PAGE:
'Too wee, too poor, too stupid' (Union)
This page is an edited version of a blog article by Neil Lovatt, who is invited to change it if wished.
Analysis of GERS (Scotland's official national accounts, prepared and approved by the UK and Scottish Governments) shows that Scotland would be worse off under independence than it would staying in the UK. It does not show that Scotland could not be independent, but it does mean that politically hard choices would be necessary. This is not because Scotland is "wee": its land area is 60% that of England's, and its coastline is 5 times as long. But this large land area has a population of only 5.3m, compared with England's population of 54.3m, so Scotland is too big for its population.
Economic growth is driven by urbanisation (see chart), and small countries are more urbanised because their smaller land area means that populations must be close to urban centers. Because they are more urbanised, small countries can provide public services - transport, healthcare, welfare, crime prevention - more cheaply. In the City of London, for example, a single police officer covering 1 sq. km. serves 2691 people, whereas in Lochaber he would need to cover 625 sq. km. to serve that many people. Because Scotland's population is spread over a wide area, Scotland needs to spend more than England to provide the same level of public services. This higher spend means that Scotland always has a higher deficit, proportional to population, than the UK as a whole[Source?].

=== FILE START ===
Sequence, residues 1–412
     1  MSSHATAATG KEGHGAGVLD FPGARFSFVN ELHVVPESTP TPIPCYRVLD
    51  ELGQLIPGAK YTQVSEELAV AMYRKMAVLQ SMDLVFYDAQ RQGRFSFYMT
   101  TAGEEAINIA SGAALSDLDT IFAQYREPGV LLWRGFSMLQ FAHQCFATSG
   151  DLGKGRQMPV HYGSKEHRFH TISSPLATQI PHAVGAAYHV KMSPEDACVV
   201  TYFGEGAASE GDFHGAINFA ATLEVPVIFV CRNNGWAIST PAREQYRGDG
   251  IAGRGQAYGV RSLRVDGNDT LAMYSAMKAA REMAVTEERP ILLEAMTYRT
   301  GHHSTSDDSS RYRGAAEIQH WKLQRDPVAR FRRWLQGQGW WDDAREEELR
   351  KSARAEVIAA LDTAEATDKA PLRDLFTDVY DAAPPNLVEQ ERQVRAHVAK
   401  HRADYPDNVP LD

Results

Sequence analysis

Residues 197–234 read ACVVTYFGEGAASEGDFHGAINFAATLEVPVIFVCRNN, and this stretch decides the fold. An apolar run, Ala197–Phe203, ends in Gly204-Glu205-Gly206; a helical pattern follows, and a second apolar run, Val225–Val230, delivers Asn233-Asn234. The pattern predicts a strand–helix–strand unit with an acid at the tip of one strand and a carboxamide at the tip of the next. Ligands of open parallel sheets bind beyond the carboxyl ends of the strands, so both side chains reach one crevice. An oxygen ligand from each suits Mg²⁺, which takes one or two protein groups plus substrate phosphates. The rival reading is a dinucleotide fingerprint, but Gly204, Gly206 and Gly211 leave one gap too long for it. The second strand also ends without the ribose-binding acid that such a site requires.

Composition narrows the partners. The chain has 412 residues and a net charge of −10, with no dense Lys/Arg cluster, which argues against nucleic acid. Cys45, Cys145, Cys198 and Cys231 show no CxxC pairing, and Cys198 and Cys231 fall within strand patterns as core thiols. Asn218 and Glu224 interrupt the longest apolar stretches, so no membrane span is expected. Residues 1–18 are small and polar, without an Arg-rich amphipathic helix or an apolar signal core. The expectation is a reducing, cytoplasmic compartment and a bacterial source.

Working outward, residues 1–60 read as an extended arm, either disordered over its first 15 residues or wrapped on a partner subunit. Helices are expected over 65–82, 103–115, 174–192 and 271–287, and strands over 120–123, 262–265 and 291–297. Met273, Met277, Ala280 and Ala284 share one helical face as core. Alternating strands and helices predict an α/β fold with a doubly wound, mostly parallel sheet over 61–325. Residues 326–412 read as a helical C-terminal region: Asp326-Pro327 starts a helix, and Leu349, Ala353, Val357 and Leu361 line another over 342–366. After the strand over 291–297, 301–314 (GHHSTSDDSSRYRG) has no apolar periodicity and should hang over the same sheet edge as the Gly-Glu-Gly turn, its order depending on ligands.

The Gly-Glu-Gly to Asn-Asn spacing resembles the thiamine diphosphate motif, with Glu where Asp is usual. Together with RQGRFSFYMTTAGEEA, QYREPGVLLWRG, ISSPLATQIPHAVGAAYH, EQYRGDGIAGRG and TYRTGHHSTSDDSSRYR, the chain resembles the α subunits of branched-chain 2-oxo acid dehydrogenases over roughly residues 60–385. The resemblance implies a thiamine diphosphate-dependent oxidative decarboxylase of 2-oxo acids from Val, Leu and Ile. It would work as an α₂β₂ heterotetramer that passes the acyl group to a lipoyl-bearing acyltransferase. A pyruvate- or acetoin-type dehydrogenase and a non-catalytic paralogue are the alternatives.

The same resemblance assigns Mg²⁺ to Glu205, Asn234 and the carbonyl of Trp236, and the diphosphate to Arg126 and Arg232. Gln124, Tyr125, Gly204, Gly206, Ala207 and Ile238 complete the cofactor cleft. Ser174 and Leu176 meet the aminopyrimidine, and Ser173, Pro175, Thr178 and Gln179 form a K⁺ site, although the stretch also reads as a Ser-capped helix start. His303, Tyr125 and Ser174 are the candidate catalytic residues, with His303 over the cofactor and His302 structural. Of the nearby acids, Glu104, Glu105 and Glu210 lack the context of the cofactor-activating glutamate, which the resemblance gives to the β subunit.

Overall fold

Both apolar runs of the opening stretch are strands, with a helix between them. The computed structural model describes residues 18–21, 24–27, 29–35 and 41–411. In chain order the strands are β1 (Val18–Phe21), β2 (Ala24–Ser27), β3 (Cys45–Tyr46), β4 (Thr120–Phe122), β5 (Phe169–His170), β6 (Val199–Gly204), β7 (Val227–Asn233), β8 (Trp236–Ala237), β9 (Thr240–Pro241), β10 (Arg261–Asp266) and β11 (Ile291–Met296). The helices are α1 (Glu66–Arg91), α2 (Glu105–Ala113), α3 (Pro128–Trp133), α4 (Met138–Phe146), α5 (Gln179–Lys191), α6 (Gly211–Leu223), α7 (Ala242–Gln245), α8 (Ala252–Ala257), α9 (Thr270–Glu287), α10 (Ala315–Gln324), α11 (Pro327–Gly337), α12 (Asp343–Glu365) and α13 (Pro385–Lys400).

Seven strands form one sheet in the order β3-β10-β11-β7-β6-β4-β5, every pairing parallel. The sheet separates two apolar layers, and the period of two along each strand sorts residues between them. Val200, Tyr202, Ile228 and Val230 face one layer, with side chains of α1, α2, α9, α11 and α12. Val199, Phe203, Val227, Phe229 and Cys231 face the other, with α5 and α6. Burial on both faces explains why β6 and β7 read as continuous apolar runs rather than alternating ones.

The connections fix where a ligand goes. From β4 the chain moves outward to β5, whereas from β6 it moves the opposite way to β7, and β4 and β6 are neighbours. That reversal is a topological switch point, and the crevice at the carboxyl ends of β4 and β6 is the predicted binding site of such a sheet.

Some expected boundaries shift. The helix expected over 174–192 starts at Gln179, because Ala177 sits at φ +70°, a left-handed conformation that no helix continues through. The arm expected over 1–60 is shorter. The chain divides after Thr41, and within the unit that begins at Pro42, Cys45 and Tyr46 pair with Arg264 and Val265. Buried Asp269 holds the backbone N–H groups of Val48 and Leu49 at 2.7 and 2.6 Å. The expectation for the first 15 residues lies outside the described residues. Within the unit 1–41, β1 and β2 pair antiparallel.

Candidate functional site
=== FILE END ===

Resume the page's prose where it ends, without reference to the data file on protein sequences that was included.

Overall, Scotland has 67 people per sq. km., compared to the UK's 265. But in rural Scotland, the situation is worse, because Scotland's population is concentrated in the central belt. 9.2% of the population live in areas with a population density of 0.1 persons per hectare, and a hectare is 100 sq.km. This means that 10 people occupy 1,000 sq.km. of land. There are 496,000 people in Scotland in these under-populated areas, and they occupy 496,000,000 sq.km., or 3 times the total world land area - that's how spread out we are! The UK currently pays the higher cost arising from this sparse population[Source?], so that Scotland does not have a deficit[Source?], but with independence these costs would produce a deficit[Source?], and serious economic loss.